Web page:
Monday, 23 March 2015

Not the only overlanders

Often people think that this 'overlanding lifestyle' is really special. But (although it's fantastic) it's not that special, there are plenty of other people driving long term around the world, or a section of the world, in a motorhome or on motorbikes, or by some other self-sufficient-travel-style.

Popular routes are: the Americas (South America and/or North America and Central America), Africa, Asia, Australia, Across Russia, and even Europe. Some people make H's 4 years on this trip look quite paltry. H did about 2 years in South America, but some people drive to the bottom, then back to the top and then turn around and do it again, and again. You could take a lifetime doing this continually with just a little bit of money coming in to fund it.

We believe there are an average of two overlanding vehicles (motorhomes or motorbikes) passing through Cartagena, Colombia each day. It is the 'logical' passing point for travel between South America and North America or Central America. Currently it provides an option of a Ferry (Ferry Xpress) to and from Panama, or ships to and from many locations (e.g. Panama, California, Mexico, East Coast USA, Europe, Asia). A couple of weeks ago when H returned to Colombia to ship Blac from Cartagena to Europe (it's on it's way) there were about 20 vehicles that took the ferry to Colon, and there were 4 vehicles doing shipping at the same time. This was extreme numbers though, as a overlanding group 'Seabridge' (group overland travel) had 20 vehicles travelling through at the time: 18 of which travelled on the ferry, and 2 that were too big for the ferry and had to take a ship across the gap. Two vehicles (Blac and another) are returning to Europe.*

By sticking to the popular travel routes (like doing what is referred to as the Pan-American Highway, through Colombia, Ecuador, Peru... and keeping going south), the travel camaraderie can be quite strong. You can team up and travel in convoy or just keep meeting the same people on a regular basis. Alternatively, doing what the Belgian and the Aussie just did (North through Brazil, into the Guyanas and across Venezuela) means that you'll rarely meet other overlanders.

What I found strange is the demographics of it all. In South America I have found that French overlanders are commonly travelling as families with school age children (they 'home'-school them along the way), German overlanders are usually older and retired. Dutch, Swiss and Austrian overlanders are often middle-aged and returning to Europe to work for 6 months of every year. Americas are surprisingly rare (surprising because to me it seems easier to just start driving south out of America and keep going) but when you do meet them they are often younger still (30ish) and rushing.... like all the way to Ushuaia in 6 months. Mostly overlanders seem to be Europeans, very occasionally we have met Australians, New Zealanders (on motorbike only), and we also met a family from Morocco and a couple from Isreal. No matter where they are from, I always enjoyed meeting other overlanders.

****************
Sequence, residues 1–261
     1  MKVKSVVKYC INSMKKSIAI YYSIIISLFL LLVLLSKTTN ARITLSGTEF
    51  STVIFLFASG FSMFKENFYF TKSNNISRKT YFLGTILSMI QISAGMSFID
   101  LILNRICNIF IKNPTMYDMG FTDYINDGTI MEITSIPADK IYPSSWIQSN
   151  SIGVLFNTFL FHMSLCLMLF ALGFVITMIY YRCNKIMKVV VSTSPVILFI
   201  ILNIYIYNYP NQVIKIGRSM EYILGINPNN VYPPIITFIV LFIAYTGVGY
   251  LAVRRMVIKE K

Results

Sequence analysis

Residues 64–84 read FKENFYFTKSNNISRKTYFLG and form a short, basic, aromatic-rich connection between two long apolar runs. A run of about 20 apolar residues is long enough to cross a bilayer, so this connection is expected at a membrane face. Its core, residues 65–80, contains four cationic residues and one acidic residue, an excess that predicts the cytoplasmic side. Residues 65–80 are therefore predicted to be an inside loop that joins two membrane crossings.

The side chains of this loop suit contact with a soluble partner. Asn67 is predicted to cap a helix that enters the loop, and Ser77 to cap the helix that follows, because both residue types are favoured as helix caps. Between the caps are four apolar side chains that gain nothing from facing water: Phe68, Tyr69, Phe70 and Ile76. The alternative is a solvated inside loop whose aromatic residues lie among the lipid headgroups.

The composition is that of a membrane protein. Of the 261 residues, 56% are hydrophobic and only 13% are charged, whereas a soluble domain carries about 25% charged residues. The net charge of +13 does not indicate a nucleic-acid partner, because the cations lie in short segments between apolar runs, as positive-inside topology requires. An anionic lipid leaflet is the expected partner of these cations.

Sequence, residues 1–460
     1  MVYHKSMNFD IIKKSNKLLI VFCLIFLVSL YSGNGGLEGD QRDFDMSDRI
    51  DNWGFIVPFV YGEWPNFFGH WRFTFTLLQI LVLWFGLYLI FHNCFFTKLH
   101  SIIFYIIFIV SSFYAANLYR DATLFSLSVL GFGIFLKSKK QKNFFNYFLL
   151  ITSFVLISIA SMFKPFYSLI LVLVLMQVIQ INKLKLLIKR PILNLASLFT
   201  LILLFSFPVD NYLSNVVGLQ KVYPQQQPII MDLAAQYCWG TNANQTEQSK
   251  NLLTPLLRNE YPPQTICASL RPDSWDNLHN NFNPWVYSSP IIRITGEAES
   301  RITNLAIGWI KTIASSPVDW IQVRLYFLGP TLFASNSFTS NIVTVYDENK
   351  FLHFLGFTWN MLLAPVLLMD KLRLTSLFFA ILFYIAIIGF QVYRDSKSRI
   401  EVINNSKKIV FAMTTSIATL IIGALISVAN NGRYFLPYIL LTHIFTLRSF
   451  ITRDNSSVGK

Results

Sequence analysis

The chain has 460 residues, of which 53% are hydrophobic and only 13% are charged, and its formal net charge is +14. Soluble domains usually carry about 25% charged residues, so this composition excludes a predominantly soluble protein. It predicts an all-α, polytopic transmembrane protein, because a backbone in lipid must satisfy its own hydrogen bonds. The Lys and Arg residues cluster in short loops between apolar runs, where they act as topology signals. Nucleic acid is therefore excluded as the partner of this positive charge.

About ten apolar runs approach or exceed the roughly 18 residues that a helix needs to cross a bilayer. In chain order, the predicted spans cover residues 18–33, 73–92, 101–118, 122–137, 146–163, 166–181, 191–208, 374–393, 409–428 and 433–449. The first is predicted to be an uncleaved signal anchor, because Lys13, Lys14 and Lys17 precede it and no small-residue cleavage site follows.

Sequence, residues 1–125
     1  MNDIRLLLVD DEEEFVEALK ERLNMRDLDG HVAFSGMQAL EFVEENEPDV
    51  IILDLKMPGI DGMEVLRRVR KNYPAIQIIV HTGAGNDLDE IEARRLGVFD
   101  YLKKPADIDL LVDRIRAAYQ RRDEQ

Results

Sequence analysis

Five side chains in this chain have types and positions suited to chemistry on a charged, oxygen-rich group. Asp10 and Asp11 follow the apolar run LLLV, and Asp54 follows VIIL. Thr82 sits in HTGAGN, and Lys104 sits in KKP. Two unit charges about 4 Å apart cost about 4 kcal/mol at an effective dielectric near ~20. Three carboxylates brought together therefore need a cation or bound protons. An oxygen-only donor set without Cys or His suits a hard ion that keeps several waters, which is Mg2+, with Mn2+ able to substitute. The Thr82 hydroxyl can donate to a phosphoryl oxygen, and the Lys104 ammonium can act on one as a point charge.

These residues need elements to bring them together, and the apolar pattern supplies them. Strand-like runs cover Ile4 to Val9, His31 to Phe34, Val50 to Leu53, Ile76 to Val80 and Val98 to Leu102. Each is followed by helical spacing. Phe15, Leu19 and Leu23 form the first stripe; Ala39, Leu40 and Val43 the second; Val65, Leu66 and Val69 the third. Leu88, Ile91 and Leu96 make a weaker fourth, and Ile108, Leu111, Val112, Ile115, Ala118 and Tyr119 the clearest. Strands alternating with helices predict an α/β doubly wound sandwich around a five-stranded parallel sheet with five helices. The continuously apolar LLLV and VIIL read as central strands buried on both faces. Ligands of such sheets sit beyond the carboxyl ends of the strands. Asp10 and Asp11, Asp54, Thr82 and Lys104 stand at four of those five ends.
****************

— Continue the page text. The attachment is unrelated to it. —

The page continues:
Mostly, motorhome overlanders are couples, but some are singles (H was when I met him), and some are families (as per the French and Moroccans mentioned above). Sometimes you also get a couple of adventurous guys travelling together. Motorbike overlanders might be lone travellers to start but are often travelling in a group they met along the way. Of course, they can stay in backpacker accommodation and be socialised in that way.

Also, as a person who speaks English and Spanish, I thought that I was well equipped on the language front for overlanding in South America. But, we met many overlanders who really only spoke their native tongue: usually that being French or German. This left me sitting silent while H enjoyed conversations in whatever language was needed.

Dutch overlanders Chris and Monique (Photo is Monique with H) who we first met in Peninsula Valdes and then met accidentally many times more as we headed south.

The overlanders Christmas gathering in Ushuaia provides plenty of social interaction. 

My favourite other vehicle we've met is this one from Alaska which looks like a wooden cottage on wheels. (Oh, and for Americans, they don't meet the demographic mentioned above.)

*For people wanting to know about shipping: I have updated the webpage. 

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